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Accountability: The Missing Link in Leadership Development

 

The ever-changing demands of running a business are accelerating the need to develop leaders, and the market offers many leadership development opportunities. As you rally your organization’s resources, systems, and processes to grow leadership capability, it’s important that you look at the fundamental ingredients of a successful initiative—after all, given your investment, you want to be sure to develop leaders who actually lead.

For more than a decade FlashPoint’s consultants have been developing leaders with an eye on helping them to maximize their influence. We’ve worked with leaders individually through coaching and mentoring, in groups of targeted colleagues, and broadly through global, comprehensive, long-term initiatives. While the look and feel, content, and format of leadership programs have varied from organization to organization and function to function based on goals and focus, we find that all successful programs have had one element in common: in all cases, the experience has focused on holding participants accountable for their development.

When executing your own leadership development program, therefore, it’s essential that you emphasize the accountability factor so that leaders take responsibility for their learning and growth. There are simple ways you can better utilize and apply elements of a leadership development program to drive accountability, so this isn’t necessarily about adding anything to your program; likely it’s as simple as looking at how you can enhance components of the program.

Examples of Accountability Enhancements
For example, consider individual development plans (IDPs). Many organizations use IDPs as a part of their leadership development initiative, but more times than not the plans aren’t used effectively (and often are just cast aside). This is a tool that’s ripe for improvement; if you want to enhance accountability, IPDs are an excellent platform. By building in checkpoints and opportunities to review, evolve, and revise the IDP continually, you’ll increase the effectiveness and value of the plan and thus your leaders’ ability to grow.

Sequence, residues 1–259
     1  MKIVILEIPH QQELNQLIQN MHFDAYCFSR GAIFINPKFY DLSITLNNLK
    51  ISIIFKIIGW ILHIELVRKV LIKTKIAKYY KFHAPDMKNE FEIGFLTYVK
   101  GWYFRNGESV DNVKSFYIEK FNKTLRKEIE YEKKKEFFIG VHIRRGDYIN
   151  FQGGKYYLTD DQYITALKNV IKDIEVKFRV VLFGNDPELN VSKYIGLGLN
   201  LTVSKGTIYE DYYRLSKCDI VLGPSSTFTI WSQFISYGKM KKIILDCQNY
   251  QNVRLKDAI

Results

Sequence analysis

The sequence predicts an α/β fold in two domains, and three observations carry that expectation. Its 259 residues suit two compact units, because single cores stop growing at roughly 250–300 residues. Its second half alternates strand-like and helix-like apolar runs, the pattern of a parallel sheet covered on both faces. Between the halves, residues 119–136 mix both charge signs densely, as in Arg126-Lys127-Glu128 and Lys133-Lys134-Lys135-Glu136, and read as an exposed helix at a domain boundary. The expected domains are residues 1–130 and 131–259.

The beauty of leader accountability is that there isn’t just one way to make it happen—you can be creative in determining the resources, forums, and opportunities that exist for introducing it into your leadership development program. A good example is a large IT consultancy that FlashPoint is currently working with. The company is striving to differentiate itself in the market and establish itself with a larger parent company, and as part of its efforts it’s strategically using leadership development to bring to life core competencies and a common leadership language. Over the last four years, 150 leaders have participated in a 10-month leadership development initiative. The company decided that to drive leader accountability, it would have participants pair up and serve as each other’s “accountability partners.” Accountability partners are assigned at the onset of the program, and participants receive tools to support the relationship and the ensuing conversations.